Blues vocalist Alexis P. Suter is at the Turning Point in Piermont NY on December 12.
 
Organist John Medeski is at The Stone with John Zorn on December 13.
 
The documentary Baddddd Sonia Sanchez screens at the New York African Diaspora Film Festival on the 13th.
 
Pianist Geri Allen is at the Village Vanguard from December 15-20.
 
Saxophonist Gary Bartz leads a quartet at Smoke from December 18-21.
 
That’s all for now. Suga’ in My Bowl is back on WBAI‘s airwaves on December 13. We’ll also have another edition of “On the Bandstand” online next Sunday with a fresh set of listings.
 
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Hank Williams is an associate producer for Suga’ in My Bowl on WBAI Radio and webmaster for the Suga’ and Behind the Mic sites. He is also a PhD candidate in English and Africana Studies at the CUNY Graduate Center and teaches at Hunter and Lehman Colleges and The City College of New York.

bandstand_picPhoto Credit: Hank Williams

Welcome to Suga in My Bowl radio‘s weekly feature, On The Bandstand, where we collect upcoming NYC area shows from current and past Suga’ guests. We’re online weekly and on the air on NYC’s WBAI-FM radio alternate Sunday nights from 11 PM -1 AM. Keep up with us via Facebook, the blog here, or our main website, or Twitter and we’ll keep track of the schedule for you.
 
This week’s guest is trumpeter Hugh Masekela! He has no upcoming performances in the NYC area, though listeners in the Midwest and on the West Coast should check his site for dates with Larry Willis and see our review of their performance at Jazz Standard. And we have lots more music for you this week.
 
The Doc NYC Festival continues until the 19th and has several films of interest to jazz fans. The Sonia Sanchez documentary Baddd Sonia Sanchez screens on the 18th and 19th. The Jazz Loft According to W Eugene Smith collects material from the extensive recordings and photographs from Smith’s years in a Sixth Ave loft building frequented by several jazz luminaries and screens on the 16th. Finally, Liz Garbus’s Nina Simone documentary What Happened Miss Simone? Screens on the 17th and 18th. The Doc NYC website has showtimes and details and you can find links to everything and a festival preview on our blog.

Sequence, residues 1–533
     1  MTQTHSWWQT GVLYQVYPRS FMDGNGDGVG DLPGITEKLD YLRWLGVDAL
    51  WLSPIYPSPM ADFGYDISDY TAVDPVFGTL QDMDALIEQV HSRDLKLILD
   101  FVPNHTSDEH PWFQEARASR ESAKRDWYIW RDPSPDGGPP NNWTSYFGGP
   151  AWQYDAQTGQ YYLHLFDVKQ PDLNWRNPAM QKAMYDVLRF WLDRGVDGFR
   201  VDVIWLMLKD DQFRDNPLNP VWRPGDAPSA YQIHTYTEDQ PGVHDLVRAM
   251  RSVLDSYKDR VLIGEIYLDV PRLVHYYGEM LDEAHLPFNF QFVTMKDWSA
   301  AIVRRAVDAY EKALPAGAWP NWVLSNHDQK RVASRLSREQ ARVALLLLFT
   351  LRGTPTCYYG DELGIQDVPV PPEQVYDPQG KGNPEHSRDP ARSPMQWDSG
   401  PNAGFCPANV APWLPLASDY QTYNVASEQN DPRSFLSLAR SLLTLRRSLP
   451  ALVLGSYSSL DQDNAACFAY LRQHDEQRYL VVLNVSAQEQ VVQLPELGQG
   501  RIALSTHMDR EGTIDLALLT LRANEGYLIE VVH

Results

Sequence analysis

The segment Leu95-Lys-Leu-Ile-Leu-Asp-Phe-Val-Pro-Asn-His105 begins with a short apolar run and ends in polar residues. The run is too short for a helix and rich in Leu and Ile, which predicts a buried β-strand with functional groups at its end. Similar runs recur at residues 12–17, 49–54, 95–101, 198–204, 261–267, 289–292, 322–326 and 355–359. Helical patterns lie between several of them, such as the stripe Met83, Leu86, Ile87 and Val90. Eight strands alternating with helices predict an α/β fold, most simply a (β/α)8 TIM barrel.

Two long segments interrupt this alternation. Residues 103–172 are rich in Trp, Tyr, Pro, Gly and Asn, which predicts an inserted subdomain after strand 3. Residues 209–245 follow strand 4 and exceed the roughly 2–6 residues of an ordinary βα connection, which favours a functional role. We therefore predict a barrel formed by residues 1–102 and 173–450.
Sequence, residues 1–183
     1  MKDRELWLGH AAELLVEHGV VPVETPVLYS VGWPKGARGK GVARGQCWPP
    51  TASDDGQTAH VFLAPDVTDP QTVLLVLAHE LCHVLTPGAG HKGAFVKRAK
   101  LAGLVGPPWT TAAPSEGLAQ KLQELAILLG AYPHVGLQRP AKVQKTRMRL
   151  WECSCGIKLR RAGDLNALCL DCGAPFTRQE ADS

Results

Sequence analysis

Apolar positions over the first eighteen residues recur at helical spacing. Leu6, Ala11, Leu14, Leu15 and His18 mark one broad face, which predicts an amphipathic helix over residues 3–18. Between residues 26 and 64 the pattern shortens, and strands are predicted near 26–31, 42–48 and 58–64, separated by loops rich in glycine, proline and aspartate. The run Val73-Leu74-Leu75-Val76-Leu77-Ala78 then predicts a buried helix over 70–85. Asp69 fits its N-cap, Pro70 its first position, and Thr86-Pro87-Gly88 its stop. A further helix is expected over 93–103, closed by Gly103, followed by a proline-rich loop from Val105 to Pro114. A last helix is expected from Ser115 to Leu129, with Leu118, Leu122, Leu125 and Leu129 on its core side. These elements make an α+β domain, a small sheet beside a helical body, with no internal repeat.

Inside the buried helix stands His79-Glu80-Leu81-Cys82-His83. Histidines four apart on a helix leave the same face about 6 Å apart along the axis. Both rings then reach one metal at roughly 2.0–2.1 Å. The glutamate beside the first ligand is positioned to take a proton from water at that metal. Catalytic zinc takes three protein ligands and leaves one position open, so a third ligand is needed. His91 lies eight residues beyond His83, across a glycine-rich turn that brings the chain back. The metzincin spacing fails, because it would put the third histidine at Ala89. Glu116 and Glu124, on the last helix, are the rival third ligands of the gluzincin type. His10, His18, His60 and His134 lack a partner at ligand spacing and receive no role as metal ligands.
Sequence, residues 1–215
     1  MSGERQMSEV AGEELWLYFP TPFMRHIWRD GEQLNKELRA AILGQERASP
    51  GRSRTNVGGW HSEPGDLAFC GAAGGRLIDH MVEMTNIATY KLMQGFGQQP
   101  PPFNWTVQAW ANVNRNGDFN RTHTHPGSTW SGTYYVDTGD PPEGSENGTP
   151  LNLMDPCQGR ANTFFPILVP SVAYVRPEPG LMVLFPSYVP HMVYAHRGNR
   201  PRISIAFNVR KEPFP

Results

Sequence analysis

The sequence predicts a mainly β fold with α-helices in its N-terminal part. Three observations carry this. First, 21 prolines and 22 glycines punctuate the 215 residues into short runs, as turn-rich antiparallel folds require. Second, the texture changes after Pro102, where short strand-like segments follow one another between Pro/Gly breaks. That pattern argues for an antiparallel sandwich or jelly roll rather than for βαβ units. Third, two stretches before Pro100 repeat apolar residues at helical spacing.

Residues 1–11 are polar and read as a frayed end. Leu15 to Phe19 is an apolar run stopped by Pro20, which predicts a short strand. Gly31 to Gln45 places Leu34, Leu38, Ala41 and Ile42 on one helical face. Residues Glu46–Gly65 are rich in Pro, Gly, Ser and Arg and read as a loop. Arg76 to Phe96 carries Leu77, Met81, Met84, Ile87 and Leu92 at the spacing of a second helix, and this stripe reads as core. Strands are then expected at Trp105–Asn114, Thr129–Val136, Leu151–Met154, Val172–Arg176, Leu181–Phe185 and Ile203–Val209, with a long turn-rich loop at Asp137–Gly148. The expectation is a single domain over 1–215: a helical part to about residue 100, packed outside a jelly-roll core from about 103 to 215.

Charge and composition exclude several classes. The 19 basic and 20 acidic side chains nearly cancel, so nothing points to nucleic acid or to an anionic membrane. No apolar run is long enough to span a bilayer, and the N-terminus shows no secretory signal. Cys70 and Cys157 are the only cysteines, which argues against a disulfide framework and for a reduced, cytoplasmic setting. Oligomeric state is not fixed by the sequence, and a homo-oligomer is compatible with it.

If you missed the weeklong run of Jeff Lieberman’s The Amazing Nina Simone documentary in NYC, you’ve got another shot on the 18th, when it screens at Huntington LI’s Cinema Arts Centre. Those of you (far) north of the city can catch it in Rhinebeck NY on the 20th and Woodstock on the 21st at Upstate Films.
 
Vibraphonist Roy Ayers is at the Blue Note from November 17-22.
 
Pianist Harold Mabern leads a trio at Small’s on the 18th and is with Steve Davis’s sextet at Smoke from the 27-29th.
 
Drummer/percussionist Bobby Sanabria leads the Multiverse Big Band at Jazz at Lincoln Center’s Dizzy’s Club from November 19-22.
 
Percussionist Adam Rudolph leads “GO”: the guitar orchestra in a CD release party at Roulette in Brooklyn on the 23rd.
 
Trombonist Dick Griffin is at The Stone on the 24th.